Rancho Cappuccino Case Study: Is It Fair to the Livestock?

| 2/28/2012 3:50:00 PM

After a recent talk I gave in San Francisco, a man raised his hand and asked me how I could distinguish between “human slavery and animal slavery.”

Now there’s a provocative question.

I think we’re as humane as any livestock farmer can be. Our animals live natural lives in a clean place. They are well fed. We handle them as gently as possible, and as seldom as possible. We allow all our calves to stay with their mothers until they wean naturally, rather than separating them young so the cows will breed again sooner. We keep a bull so our animals don’t need to be trucked around or confined in a squeeze chute to be artificially inseminated. In fact, our cattle go their whole lives without being roped, run through a squeeze chute or hauled, at least until they are sold or slaughtered. We choose our slaughterhouses in part based on their humane treatment of the animals they kill. We look for facilities that handle the animals gently and take care not to traumatize them unnecessarily. There’s a surprisingly wide variety in the habits of people who handle livestock in close quarters all day. Some people are rough with them. Others take a lot of care with the animal’s feelings.

We don’t brand our animals or tag their ears. Because they have ample room, clean water and because we don’t haul in replacement stock very often, we virtually never require a veterinarian, so the animals don’t have to go through the disturbing experience of being confined and handled. Most livestock hates to be confined in small spaces or handled by human beings. I believe a lot of farmers cause problems during their birthing seasons by watching their animals too closely and upsetting the mothers’ sense of security. Imagine a human mother trying to give birth while being monitored, much less handled, by a predatory species.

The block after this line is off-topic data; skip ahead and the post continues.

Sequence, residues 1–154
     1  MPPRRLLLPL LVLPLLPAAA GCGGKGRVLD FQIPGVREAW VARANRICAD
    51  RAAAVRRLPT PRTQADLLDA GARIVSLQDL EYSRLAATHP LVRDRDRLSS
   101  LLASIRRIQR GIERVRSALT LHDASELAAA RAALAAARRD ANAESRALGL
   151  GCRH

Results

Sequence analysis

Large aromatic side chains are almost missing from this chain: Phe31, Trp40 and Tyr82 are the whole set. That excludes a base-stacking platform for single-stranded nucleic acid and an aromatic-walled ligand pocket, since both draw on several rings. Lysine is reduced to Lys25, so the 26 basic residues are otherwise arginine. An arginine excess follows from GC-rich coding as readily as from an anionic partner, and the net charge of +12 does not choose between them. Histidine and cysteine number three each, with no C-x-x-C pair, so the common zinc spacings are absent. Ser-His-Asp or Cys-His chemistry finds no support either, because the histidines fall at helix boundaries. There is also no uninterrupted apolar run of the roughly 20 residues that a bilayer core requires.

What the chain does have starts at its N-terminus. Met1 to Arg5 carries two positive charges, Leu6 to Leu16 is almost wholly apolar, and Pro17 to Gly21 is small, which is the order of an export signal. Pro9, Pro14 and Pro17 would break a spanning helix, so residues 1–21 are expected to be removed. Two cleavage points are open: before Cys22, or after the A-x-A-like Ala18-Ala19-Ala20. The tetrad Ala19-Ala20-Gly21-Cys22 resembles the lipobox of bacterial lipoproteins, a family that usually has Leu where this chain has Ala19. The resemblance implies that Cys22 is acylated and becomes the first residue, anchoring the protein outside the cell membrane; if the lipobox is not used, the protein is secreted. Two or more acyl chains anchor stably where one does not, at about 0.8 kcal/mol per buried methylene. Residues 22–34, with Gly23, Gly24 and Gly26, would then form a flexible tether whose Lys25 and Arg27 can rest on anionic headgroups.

Most importantly, our animals are never alone. Cattle, sheep, goats, mules, donkeys, chickens, turkeys and dogs are all social creatures that crave, most of all, the companionship of their own kind. In particular, they are happiest in the herd, flock or pack where they live in a stable social order. So we do our best never to keep any of these animals alone.

The cat’s another story, of course. He seems to like his luxurious solitude.

8/5/2013 2:35:16 AM

This article was so riddled with strawman arguments, it is difficult to engage in a true debate. Regardless, it is nice that the author actually gives these issues thought (and feelings).

Spencer Lo
10/3/2012 8:21:01 PM

Hi Bryan, you are clearly a thoughtful and reflective farmer. I encourage you to read the following which attempts to address your central ethical questions head on: http://animalblawg.wordpress.com/2012/09/11/whats-wrong-with-happy-meat/

Bryan Welch
3/6/2012 11:37:12 PM

Yes, one of the things that we find most enriching about the experience is the profound sadness we feel at the deaths of the animals. Although the Vegan doesn't usually feel that, their consumption displaces and kills animals, too. I think that sense of awareness is valuable, how ever you sustain yourself.

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